Energy is the scarcest resource in ad hoc wireless networks, particularly in wireless sensor networks requiring a long lifetime. Intermittently switching the radio on and off is widely adopted as the most effective way to keep energy consumption low. This, however, prevents the very goal of communication, unless nodes switch their radios on at synchronized intervals—a rather nontrivial coordination task. In this article, we address the problem of synchronizing node radios to a single universal schedule in wireless mobile ad hoc networks that can potentially consist of thousands of nodes. More specifically, we are interested in operating the network with duty cycles that can be less than 1% of the total cycle time. We identify the fundamental issues that govern cluster merging and provide a detailed comparison of various policies using extensive simulations based on a variety of mobility patterns. We propose a specific scheme that allows a 4,000-node network to stay synchronized with a duty cycle of approximately 0.7%. Our work is based on an existing, experimental MAC protocol that we use for real-world applications and is validated in a real network of around 120 mobile nodes.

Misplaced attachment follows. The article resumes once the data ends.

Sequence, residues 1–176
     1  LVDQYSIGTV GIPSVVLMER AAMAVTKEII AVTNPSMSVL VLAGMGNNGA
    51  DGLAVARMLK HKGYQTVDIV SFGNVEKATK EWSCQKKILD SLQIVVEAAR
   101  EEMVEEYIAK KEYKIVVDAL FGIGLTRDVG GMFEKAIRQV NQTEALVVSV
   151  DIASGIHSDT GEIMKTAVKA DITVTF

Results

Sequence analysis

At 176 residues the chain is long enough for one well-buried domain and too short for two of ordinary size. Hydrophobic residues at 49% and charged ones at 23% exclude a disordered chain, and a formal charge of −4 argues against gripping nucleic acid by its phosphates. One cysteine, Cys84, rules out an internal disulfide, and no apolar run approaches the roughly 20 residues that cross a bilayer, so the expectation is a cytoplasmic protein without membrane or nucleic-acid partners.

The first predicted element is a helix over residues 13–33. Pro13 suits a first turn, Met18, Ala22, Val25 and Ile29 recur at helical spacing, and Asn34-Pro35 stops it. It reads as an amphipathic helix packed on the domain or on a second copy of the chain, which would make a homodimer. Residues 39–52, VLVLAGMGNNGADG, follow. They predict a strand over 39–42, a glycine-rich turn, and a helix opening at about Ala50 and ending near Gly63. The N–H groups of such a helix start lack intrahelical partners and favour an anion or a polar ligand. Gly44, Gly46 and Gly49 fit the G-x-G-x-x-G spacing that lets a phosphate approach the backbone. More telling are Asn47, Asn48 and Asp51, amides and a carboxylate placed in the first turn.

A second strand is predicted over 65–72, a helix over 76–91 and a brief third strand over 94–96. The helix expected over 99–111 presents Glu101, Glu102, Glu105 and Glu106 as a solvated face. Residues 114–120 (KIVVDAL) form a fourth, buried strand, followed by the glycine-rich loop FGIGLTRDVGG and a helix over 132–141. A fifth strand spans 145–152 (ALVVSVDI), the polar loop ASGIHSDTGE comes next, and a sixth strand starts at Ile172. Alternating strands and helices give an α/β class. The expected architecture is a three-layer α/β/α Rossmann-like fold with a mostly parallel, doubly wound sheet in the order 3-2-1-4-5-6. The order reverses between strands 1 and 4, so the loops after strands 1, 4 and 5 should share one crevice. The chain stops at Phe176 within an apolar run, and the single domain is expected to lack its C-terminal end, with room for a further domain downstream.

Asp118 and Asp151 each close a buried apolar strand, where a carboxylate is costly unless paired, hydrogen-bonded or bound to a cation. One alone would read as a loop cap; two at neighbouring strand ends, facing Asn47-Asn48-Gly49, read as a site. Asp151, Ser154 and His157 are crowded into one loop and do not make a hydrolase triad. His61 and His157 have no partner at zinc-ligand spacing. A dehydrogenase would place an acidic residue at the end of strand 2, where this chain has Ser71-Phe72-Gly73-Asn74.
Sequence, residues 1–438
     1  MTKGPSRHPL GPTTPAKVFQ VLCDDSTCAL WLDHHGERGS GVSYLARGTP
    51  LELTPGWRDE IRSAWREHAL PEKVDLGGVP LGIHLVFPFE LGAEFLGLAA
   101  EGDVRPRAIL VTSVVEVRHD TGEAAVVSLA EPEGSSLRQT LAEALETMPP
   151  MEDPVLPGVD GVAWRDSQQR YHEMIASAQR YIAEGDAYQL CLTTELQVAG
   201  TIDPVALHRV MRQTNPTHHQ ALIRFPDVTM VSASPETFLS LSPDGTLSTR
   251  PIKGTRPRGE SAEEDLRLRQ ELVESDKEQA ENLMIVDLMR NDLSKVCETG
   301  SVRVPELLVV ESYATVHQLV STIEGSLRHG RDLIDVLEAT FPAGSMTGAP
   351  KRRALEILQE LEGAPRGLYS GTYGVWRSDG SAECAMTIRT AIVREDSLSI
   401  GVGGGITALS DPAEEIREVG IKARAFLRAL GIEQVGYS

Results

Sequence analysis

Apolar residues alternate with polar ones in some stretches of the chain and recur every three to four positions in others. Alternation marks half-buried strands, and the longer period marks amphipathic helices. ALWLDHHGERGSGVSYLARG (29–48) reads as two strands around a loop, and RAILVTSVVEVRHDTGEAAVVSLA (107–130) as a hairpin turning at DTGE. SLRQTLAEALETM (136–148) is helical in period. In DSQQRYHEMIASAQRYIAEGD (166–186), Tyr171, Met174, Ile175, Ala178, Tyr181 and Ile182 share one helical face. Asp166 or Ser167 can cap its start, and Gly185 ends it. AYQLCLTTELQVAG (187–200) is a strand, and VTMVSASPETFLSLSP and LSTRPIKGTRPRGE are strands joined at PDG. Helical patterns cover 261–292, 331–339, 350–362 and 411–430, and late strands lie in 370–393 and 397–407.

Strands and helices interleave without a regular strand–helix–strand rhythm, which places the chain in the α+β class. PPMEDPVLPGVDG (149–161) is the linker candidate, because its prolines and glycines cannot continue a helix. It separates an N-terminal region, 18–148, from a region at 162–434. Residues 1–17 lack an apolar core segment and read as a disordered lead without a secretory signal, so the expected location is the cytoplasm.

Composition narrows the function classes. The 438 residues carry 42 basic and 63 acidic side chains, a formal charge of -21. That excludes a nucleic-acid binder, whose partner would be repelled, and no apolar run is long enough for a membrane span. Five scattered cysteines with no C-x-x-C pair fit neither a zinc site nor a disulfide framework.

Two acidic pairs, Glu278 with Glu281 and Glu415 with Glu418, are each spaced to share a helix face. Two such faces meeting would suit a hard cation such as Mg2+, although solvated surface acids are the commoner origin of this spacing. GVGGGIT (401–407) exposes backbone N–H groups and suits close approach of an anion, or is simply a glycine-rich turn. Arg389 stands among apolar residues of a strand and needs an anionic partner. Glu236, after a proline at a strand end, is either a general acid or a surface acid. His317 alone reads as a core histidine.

- Wireless mesh networks
- Mobile networks
- Mobile ad hoc networks
- Self-organizing autonomic computing